Rugby

Canadian rugby 7s great Jen Kish opens up about her battle with mental illness

Former Canadian rugby sevens captain Jen Kish is sharing her struggles with mental health so that others can feel they're not alone in their battles.

Former team captain reveals bipolar diagnosis on World Suicide Prevention Day

Canada's Jen Kish, left, one of women's rugby sevens' most dominant players, has come forward with her mental health diagnosis so that others don't feel alone. (Matt King/Getty Images)

Jen Kish, former captain of Canada's rugby sevens team, is sharing her diagnosis of bipolar disorder so that others know they aren't alone in their battles.

"I just want to let people know that I struggle too," she said. "You can still be successful with whatever you have ... get the support you need or surround yourself with people who can give you the courage to reach out."

The rugby star, who retired in 2018 after a stunning career that included a bronze medal at the 2016 Olympics in Rio, posted about her diagnosis on social media.

Kish revealed her long history of concussions — the majority of which she played through since they went undiagnosed, with people attributing many to "just getting your bell rung" — and health concerns, including memory loss, migraines, mood swings and suicidal ideation.

"I've been struggling with it for a really long time and not really knowing why until now," she said.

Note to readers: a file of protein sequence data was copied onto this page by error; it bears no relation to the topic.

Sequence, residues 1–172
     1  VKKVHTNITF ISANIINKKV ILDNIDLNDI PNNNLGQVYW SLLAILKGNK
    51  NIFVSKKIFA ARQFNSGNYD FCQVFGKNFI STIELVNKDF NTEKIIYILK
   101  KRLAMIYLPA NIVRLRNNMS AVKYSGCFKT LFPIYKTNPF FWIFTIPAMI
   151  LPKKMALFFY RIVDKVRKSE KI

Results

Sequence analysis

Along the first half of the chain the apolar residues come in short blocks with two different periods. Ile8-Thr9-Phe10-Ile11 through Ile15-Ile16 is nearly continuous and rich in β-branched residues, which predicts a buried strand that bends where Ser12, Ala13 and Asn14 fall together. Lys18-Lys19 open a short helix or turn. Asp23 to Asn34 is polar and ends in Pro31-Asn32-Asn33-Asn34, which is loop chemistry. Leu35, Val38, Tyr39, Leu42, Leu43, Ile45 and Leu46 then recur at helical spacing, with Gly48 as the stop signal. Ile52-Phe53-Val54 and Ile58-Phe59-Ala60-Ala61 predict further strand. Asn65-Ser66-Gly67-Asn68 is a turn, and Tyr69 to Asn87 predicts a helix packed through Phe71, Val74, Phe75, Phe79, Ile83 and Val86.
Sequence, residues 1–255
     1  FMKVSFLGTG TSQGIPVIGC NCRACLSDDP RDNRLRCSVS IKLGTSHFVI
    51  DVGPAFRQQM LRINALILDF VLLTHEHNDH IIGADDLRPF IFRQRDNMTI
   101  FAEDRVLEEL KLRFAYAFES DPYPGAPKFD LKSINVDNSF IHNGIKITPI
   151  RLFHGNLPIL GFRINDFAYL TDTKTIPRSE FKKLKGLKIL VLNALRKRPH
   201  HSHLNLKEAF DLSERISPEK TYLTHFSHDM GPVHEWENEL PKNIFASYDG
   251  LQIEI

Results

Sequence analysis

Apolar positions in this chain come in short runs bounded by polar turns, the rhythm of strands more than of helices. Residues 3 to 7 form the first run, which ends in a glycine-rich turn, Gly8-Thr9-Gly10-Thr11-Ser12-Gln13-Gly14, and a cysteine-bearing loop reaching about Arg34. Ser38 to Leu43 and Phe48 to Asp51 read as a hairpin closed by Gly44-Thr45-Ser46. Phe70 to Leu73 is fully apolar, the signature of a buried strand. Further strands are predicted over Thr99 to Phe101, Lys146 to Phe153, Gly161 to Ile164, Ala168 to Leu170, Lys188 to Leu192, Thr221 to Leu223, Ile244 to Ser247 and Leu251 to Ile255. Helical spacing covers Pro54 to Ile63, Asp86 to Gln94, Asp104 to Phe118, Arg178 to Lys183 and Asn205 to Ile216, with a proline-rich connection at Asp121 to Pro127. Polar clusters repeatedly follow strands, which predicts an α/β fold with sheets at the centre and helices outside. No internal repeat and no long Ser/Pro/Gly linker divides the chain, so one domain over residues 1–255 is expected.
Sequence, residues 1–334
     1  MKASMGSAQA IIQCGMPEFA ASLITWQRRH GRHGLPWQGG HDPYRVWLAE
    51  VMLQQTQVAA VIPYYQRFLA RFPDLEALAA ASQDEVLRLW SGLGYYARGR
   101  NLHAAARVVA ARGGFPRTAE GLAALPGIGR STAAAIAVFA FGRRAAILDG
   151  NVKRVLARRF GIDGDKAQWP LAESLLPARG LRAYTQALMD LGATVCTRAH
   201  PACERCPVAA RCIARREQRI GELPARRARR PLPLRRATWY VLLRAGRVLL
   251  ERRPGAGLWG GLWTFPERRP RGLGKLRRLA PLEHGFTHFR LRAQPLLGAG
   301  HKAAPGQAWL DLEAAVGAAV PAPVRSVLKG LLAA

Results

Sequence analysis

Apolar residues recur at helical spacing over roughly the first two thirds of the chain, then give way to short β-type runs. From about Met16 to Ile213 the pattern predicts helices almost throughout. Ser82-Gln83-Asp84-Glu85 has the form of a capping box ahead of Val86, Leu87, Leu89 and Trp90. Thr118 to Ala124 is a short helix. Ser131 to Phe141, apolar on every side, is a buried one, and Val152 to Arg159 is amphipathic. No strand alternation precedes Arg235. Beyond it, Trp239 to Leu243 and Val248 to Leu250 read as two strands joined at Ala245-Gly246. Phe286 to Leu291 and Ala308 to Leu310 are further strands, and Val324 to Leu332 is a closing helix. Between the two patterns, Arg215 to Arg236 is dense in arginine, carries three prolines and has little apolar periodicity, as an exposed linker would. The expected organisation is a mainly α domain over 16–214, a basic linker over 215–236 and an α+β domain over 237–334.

Comments on her announcement show love and support for the athlete, along with messages of people sharing their own stories.

Kish chose to post on World Suicide Prevention Day, which happens every September 10 in the efforts to raise awareness that suicide can be prevented, because it's something she battles with despite loving her life.

Opening herself up to strangers who could hide behind digital screens was a scary decision. But Kish said her desire to use her story to help people ultimately triumphed.

"It was worth putting myself out there even a bit [if I could] help even a few people feel like they're not alone."

WATCH | Kish reflects on career, bipolar diagnosis with CBC Sports:

Olympic bronze medallist and former Rugby 7s team captain Jen Kish speaks openly and honestly with CBC Sports about her experience with mental health, and how she wants to change the stigma. 5:41

For years, Kish said, those in her life – including sports professionals – neglected to acknowledge her struggle with mood changes. Instead they blamed exterior factors, saying she was just stressed, lacked coping skills, or needed to sleep or eat.

There's nothing worse, she said, than being told "you're fine" and nothing changing.

"When people look at me, they see this really strong, powerful, leader-type person that has it all put together really well," she said, noting that things like social media can mean only "the good parts" of one's life are shown to the world.

Her symptoms worsened, and her ability to mask them increased. Kish said she became wracked with guilt and confusion about why she was pushing people away.

With an earlier-than-anticipated retirement due to injury, the rugby star known for her fire and drive felt abandoned.